Dominant Emotion
William Donoghue

It would mean less to say that having dropped her off at the Greyhound station only an hour before, returned home, changed into my jogging gear and started around the pond on my regular morning run, that I then met her coming the other way, appearing around a bend ahead, walking toward me as if nothing could be more normal, wearing different clothes, but taking her regular morning hike, if she had been someone I hardly knew--someone, for example, that I had met the previous evening at a party and who had told me she was going to Montreal on the bus the next morning and I'd said, ah, that's nice, going on a visit, and she'd said, no, going up for St. Jean-Baptiste Day, it's a big holiday there you know, June 24, quite a celebration, and I'd said, brilliant, but why not come home with me tonight, and celebrate first, just to get the hang of it, and we can chase away the shadows and so on, and in the morning I'll drive you to the bus, and she'd smiled, showing me that slightly oversized, darkening front tooth that had first attracted me to her and said okie-dokie the way she did and we'd done that. That would have been one thing. But that was not the case. She was my wife.

Or at least I thought so then. At least I had thought so up until then. What I mean is, when I saw her coming toward me, recognizing me even before I recognized her, although I could barely (naturally) feature that it was really her, I did ask myself the question in a hypothetical way, as in, "the woman known as such and such: would it be accurate to say that she is my wife?" and answered it in the affirmative. That is, at the moment, that much was clear. Later--and not that much later--I was less sure, but at that second, although I wondered for an instant if I'd gone mad, I decided, no, I had not, that it was her and that I, as usual, was me and that we were indeed married--in fact, had been for six years--in fact had only three days ago celebrated our anniversary by eating out in the neighborhood at what had turned out to be a very bad Italian restaurant on Centre Street . Of this, as I say, at the moment, there seemed no doubt.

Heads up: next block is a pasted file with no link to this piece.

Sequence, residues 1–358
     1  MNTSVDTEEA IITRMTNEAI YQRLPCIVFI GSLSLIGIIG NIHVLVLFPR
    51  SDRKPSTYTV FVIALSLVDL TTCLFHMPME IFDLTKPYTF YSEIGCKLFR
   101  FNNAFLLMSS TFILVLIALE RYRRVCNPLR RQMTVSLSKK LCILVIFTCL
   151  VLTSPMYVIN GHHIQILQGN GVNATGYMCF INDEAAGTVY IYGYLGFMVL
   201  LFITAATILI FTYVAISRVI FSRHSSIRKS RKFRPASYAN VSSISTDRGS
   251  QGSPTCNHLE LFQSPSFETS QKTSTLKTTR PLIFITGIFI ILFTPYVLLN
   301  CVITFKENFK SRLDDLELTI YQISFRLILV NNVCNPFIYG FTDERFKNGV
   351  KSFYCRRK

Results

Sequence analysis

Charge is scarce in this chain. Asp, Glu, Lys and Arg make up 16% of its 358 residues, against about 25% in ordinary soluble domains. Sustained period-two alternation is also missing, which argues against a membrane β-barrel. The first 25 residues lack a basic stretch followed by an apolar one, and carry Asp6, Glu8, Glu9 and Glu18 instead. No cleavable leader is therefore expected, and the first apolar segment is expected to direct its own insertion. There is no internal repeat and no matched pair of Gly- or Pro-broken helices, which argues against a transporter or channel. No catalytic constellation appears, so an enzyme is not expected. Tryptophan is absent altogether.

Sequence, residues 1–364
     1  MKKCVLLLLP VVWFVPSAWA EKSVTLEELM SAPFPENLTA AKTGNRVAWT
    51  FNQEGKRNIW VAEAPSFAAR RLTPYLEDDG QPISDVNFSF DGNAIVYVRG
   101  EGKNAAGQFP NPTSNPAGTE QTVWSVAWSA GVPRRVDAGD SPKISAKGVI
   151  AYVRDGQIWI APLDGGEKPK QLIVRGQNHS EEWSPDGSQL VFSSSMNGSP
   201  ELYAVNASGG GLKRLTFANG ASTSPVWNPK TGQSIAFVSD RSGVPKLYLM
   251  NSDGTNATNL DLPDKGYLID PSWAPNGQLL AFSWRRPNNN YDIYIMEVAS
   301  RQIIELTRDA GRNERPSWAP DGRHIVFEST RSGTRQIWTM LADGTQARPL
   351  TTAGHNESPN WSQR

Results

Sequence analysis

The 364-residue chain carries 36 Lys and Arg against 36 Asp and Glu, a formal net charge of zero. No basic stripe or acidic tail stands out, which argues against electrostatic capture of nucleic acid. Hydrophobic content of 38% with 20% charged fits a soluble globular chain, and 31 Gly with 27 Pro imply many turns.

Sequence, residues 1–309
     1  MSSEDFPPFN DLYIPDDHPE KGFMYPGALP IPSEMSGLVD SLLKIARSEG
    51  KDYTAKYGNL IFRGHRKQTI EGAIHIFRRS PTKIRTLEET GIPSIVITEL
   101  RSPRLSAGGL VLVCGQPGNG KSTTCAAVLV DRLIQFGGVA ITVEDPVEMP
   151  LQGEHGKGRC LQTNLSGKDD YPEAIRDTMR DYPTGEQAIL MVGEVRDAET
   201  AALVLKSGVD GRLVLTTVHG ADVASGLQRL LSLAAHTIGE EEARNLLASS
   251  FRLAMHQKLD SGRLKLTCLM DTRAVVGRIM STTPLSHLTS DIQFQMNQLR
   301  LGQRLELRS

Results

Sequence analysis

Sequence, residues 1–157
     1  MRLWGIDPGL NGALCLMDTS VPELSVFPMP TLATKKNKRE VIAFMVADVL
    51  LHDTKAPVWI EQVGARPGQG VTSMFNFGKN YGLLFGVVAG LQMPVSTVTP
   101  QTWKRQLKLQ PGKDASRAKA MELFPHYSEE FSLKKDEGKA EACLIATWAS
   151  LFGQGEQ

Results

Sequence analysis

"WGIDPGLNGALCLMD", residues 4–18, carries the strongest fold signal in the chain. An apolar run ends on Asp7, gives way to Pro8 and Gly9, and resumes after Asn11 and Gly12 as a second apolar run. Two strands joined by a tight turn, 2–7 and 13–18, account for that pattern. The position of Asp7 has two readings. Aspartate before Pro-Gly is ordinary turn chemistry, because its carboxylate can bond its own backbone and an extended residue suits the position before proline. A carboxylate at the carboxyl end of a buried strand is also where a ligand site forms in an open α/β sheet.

But, as I say, some quickly developed as she came toward me. I became less certain, less convinced. So much so, and so quickly, in fact, that by the time we came up to one another I was not quite myself. Or at least not quite as much as I usually hoped I was. In fact, I had never felt less myself than right then, and I remain, even now, in a very parlous and partial condition.

But let me return to the moment. Or more precisely, to the time between the moment when I first saw her and the moment when I was sure it was her, and to the moment when we stopped in front of one another--that was of course much more than a moment. That was quite a long time. Here are some of the things I thought. Mostly they came after I was sure it was her. Until then I was completely occupied with verification, so to speak. Once that was complete, the first thing I thought--although thinking is not the right word because very little of that was involved in producing what was more a jolt, a burst of some strange adrenalin-like substance flooding the brain (looking back on it now the closest I can come to a likeness is what might happen in your brain on a fast-moving raft in the middle of a river if you suddenly, in the middle of all the other action, realized that in about ten seconds you were going to be swept over a towering waterfall and killed. I know that sounds overly-dramatic, perhaps so much so as to be banal, but with the tree branches overhead, and the pond, I did feel like I was in quite a similar position, figuratively speaking)-so maybe the first thing I experienced rather than thought, was that for her too it seemed obvious (from the way she reacted when she saw me), that it was me. I say this was the first thing I thought, or experienced after deciding, once and for all, that it was her, but I believe now that it was this very experience, or thought, or call it what you will, that concluded my verification, that brought that particular part of the proceedings to a close so to speak, with a whimper.